In my last blog, I discussed my challenges and triumphs in middle and high school, and how they helped to shape my thinking about how to help at-risk students.

In this blog, I talk about how I came to understand that the stories we tell about ourselves and the world help determine our chances for success.

I, like every other freshman arriving at Princeton my year, had been involved in numerous activities in high school, had been a top student academically in high school, and had survived a very rigorous admissions process. Yet in spite of all of that, I was plagued by self-doubt during the first semester of my freshman year wondering whether I was at Princeton because I was black or because I truly deserved to be there? Decades later at a reunion dinner, I learned that during my freshman year there were white students who, for a variety of reasons, also wondered if they truly deserved to be at Princeton. But during my freshman year, I had no clue that I was not unique in questioning whether I truly belonged at Princeton.

Our self-stories determine where we go.

This self-doubt caused me to take on a work load that, in retrospect, made it more difficult for me to succeed. More specifically: I was working part time; I was an engineering major (which meant I took five courses instead of the liberal arts load of four courses a semester); I sang in the Glee Club; was on the Crew team; took French literature instead of English literature (which is like English literature but all in French); was involved in activities that lead to the formation of the black student group; and had a social life.

As the principal of a middle school recently told me, many students do not emerge successfully from the other side of the counterproductive behavior that I engaged in my first semester freshman year.

However, when I got my grades at the start of the second semester, I realized my grades were as good as most of my fellow students and I was involved in more activities than most of my fellow students. It was at this point that I began to change my self-story from one that questioned whether I deserved to be at Princeton to a self-story that said emphatically, I deserved to be at Princeton University. This belief in myself and my abilities led to my becoming more relaxed and willing to take a more balanced and reasonable approach to my school activities which led to my dropping out of Crew. It also led to my no longer caring whether others thought I belonged at Princeton since I now knew I did.

Years later as I began creating the SELF Empowerment Program™, thanks to my freshman Princeton experience, I realized that transforming at-risk students requires more than teaching them what they can and should be able to do. What I realized was that to transform at-risk students I had to have them change their self-story. More specifically, I had to change their self-story from “I cannot be academically successful” to “I know I can be successful academically because I have just succeeded at an academic endeavor I never thought I could do.”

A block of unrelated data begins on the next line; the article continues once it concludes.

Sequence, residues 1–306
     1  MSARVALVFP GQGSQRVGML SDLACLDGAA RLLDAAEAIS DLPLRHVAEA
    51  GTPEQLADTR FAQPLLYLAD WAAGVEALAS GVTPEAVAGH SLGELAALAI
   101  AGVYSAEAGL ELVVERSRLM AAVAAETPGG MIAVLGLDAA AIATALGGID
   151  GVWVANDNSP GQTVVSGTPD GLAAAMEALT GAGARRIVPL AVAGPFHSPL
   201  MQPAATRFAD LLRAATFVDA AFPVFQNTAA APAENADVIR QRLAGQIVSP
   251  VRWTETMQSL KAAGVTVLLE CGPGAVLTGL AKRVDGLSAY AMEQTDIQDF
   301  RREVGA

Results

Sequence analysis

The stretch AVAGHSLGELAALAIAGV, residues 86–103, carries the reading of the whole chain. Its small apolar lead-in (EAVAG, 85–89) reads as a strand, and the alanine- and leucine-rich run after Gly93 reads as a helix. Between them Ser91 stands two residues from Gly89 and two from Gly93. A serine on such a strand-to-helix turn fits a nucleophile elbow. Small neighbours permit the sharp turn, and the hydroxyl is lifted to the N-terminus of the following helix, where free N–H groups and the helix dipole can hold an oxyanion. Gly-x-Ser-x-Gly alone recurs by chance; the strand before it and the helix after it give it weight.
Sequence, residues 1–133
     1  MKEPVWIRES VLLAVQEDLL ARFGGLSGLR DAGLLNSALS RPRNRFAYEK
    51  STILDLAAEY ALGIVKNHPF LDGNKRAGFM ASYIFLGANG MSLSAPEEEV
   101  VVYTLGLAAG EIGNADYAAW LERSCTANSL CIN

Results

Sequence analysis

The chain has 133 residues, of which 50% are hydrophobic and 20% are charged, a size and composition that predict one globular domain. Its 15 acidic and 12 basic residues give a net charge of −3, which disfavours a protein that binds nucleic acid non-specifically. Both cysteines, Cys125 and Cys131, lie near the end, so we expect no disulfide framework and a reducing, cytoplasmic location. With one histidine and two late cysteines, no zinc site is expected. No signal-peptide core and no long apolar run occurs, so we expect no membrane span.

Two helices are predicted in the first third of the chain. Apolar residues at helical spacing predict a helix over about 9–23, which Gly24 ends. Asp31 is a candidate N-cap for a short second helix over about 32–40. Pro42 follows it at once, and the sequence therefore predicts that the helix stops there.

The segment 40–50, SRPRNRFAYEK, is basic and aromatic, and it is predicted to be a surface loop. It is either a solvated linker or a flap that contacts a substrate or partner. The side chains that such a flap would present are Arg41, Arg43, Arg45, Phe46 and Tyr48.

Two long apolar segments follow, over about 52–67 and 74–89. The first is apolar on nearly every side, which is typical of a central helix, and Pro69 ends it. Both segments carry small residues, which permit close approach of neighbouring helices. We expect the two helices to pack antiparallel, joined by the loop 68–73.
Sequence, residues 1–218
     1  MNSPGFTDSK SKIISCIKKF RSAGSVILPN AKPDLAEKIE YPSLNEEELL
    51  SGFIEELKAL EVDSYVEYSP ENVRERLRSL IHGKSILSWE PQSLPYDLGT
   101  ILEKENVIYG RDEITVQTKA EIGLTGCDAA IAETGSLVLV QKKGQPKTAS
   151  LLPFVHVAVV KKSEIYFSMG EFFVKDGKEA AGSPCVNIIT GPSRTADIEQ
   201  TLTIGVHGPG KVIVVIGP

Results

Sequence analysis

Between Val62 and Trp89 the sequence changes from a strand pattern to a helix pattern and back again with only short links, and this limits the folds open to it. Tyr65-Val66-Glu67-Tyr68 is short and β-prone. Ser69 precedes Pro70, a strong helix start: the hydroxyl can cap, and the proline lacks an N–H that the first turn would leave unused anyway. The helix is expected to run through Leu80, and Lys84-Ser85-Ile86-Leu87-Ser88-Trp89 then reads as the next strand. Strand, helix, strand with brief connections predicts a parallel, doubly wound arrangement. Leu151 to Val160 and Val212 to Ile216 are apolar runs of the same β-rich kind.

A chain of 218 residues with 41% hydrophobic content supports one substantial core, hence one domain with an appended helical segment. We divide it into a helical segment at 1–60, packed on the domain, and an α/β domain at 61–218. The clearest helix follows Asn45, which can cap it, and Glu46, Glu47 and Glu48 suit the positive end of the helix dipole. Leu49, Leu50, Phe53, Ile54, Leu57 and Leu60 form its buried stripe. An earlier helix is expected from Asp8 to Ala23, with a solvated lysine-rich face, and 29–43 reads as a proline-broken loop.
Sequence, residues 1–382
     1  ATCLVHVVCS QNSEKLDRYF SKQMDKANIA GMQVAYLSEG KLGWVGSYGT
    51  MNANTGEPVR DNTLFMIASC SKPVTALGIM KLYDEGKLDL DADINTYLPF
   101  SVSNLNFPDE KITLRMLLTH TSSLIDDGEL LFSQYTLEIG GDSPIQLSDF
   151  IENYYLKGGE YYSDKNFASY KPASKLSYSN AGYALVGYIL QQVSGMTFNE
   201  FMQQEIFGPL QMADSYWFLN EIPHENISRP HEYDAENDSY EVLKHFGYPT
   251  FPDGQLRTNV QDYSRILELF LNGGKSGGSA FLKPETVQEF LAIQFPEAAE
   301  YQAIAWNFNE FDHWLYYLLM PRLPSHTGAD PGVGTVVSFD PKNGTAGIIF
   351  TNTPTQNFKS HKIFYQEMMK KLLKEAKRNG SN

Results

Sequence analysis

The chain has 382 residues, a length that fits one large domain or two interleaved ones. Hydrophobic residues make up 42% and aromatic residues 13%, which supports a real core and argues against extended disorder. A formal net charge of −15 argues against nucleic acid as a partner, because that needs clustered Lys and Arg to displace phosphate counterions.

This insight caused me to create a Program with both a science unit and a math unit. The purpose of the science unit was to teach students how their brains work, how to deal with stress, and the attitudes and skills they needed for success. The purpose of the math unit was to enable students to experience the “aha” moment I experienced at the start of the second semester of my freshman year, when my self-story changed from one of self-doubt to self-confidence. In short, the science unit was designed to teach students what they should do to be successful while the math unit was designed to enable them to prove to themselves that they could be academically successful.

To this end, I worked with people at JUMP math, a program with over a decade of history of helping students who were bad at math and/or hated math, to succeed at math.

By the spring of 2014, I had developed the curriculum and was left with the question, would all of this wonderful theory work? The answer to this question came at the end of a small week and a half pilot of the SELF™ Program. What I found was that each of the students was helped by SELF™. In addition, the results for one of the students exceeded my expectations. This student went from 40% on the pre-Program math test to 100% on the post Program math test. Six months after the Program this student’s mother said that not only was he showing greater maturity and had taken more control of his life, his run-ins with his school’s disciplinary system had dropped from over thirty the semester before SELF™to just one the semester after SELF™.

In short, I had been successful in creating a Program that could help at-risk students be academically successful and make positive changes in their life.

In the next blog series I will talk about some of the science that forms the foundation of the SELF™Program.

Comments (2)

  1. George Bustin, President Princeton '70


    Great message, Mr. Bell. Your narrative of your early months at Princeton is one many of us can relate to — those of us who came as first gen college kids from middling public high schools, for whom Princeton was still something out of F. Scott Fitzgerald. Do I belong here? Doubftul. Yet we found our way, and even excelled. Your at-risk students can too, like the ex-addicts my wife tutors at the Trenton Rescue Mission. Important tasks for us all. Keep up the good work.

    • Reply


      Your comment reminds me how similar our many stories are even though we may come from different parts of the country and from different backgrounds. Thanks for sharing. Please tell your wife to keep up her good work.

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